After the Dark, World’s Leading Human Rights Organizations Rally Against PIPA and SOPA
7:35am | 19 January 2012 | by Mike Rispoli,
A day after some of the world's largest websites went black to protest censorship legislation proposed in the US Congress, Access today will deliver a letter to the US Senate, signed by dozens of international human rights groups, calling on lawmakers to "stand for human rights, defend the open internet, and reject the PROTECT IP Act."
PIPA, and its companion bill in the House, the Stop Online Piracy Act, are dangerous proposals, crafted by the entertainment industry, and threaten free speech and the integrity of the internet in an ill-conceived attempt to combat online piracy. In an unprecedented showing of solidarity from the international community against US legislation, the letter, signed by Access, Amnesty International, Human Rights Watch, Reporters Without Borders, and some 50 other human rights organizations around the world, makes clear this proposal poses a serious risk to digital rights, innovation, and the very nature of the internet.
"We understand the pressure that lawmakers face in passing copyright enforcement legislation, and agree that protecting the rights of creators is an important goal. However, enforcement should not come at the expense of free speech or due process," the letter states.
The huge international outcry against PIPA, demonstrated in this letter, shows the proposal has a far reach beyond US shores. These dozens of organizations recognize that the internet is a key enabler of human rights, free speech, and innovation, and are calling on US lawmakers to not make any decisions on its governance in haste and without fully considering the international consequences.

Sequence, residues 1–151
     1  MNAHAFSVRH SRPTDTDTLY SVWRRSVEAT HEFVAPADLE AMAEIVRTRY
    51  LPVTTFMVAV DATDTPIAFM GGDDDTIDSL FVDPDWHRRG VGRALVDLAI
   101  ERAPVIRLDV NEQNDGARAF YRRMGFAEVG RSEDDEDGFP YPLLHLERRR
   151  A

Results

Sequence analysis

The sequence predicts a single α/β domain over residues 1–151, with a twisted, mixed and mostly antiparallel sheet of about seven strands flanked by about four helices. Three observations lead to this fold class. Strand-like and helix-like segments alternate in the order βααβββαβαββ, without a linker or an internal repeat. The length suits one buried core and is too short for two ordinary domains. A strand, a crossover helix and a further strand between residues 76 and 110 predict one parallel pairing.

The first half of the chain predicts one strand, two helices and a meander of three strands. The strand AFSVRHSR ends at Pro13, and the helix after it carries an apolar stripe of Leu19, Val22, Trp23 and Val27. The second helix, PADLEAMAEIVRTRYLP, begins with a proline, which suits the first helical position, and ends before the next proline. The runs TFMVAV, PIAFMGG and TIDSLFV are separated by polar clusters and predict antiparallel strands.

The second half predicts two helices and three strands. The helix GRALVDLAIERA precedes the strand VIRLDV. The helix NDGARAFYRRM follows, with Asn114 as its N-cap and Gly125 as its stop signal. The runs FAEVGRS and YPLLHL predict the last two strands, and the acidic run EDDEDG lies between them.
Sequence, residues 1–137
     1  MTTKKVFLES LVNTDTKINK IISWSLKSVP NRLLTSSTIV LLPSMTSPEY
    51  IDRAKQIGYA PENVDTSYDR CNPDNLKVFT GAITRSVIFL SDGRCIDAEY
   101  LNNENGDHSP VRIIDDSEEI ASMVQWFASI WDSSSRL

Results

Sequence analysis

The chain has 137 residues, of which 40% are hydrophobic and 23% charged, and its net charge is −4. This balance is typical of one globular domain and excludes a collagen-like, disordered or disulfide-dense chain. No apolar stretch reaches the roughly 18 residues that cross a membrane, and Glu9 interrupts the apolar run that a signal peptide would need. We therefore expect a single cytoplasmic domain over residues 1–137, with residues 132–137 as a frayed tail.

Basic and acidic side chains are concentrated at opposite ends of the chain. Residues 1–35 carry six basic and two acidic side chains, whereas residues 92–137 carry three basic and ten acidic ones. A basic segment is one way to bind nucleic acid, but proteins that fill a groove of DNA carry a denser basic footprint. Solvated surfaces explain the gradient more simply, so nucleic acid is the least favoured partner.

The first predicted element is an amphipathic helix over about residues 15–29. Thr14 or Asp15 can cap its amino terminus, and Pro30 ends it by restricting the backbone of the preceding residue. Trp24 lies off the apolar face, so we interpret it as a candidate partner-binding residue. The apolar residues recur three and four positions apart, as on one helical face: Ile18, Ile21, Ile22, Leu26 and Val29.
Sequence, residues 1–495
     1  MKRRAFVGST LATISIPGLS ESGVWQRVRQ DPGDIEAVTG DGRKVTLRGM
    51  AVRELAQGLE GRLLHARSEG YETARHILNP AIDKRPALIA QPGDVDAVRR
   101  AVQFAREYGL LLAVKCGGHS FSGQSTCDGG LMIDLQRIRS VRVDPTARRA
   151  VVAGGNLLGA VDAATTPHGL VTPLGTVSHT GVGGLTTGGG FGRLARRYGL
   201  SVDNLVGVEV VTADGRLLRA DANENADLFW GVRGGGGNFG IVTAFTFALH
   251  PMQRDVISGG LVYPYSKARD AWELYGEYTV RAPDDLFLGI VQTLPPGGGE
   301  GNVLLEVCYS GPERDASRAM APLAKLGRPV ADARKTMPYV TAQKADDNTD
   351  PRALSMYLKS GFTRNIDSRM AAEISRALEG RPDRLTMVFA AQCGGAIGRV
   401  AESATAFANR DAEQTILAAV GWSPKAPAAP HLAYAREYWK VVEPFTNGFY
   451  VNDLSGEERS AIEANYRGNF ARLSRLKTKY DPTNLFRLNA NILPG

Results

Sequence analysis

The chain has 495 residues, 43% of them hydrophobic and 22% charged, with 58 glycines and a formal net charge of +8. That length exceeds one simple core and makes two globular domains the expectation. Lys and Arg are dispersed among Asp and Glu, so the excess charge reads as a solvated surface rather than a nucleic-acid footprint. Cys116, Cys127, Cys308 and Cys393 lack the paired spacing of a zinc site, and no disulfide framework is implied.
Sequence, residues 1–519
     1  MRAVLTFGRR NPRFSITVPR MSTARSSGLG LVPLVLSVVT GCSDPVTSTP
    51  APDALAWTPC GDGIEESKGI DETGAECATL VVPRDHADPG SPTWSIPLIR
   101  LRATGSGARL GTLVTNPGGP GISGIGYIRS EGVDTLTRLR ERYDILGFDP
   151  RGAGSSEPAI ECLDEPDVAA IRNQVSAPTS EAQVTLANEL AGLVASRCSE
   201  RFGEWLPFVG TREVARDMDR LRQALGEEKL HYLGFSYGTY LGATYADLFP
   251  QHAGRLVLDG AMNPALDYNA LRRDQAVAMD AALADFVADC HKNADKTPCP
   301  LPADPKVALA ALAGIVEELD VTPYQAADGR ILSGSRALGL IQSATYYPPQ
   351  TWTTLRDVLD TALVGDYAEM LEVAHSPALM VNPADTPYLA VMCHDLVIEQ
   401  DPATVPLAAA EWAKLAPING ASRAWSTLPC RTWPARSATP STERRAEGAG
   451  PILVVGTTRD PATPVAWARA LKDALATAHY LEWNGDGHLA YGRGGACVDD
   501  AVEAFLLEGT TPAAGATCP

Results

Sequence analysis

"We owe it to future generations around the world to make sure that the copyright industry does not determine the future of the internet," said Brett Solomon, Executive Director of Access. "To all US lawmakers out there: Still think this bill doesn't raise First Amendment concerns? Read this letter."
The Senate bill is scheduled for a cloture vote on Jan. 24. Among the oft-mentioned provisions, such as DNS filtering, PIPA will subject nearly every U.S.-based actor on the internet to its enforcement, including not only blogs, chat rooms, and social networks but users as well. Beyond that, the role of sites allowing users to post links would dramatically change by forcing these sites to proactively monitor and censor their own users.
These are serious concerns of the international human rights community, as it sets "a dangerous precedent for other countries."
"This proposal is possibly one of the largest threats to internet freedom ever," said Jochai Ben-Avie, Access Policy Director. "A vote against this legislation is not a vote for piracy. It's a vote to protect the internet."
Access is an international NGO that promotes open access to the internet as a means to free, full and safe participation in society and the realization of human rights. For more information, please contact Access Campaign and Media Strategist Mike Rispoli at 732-890-5564 or firstname.lastname@example.org.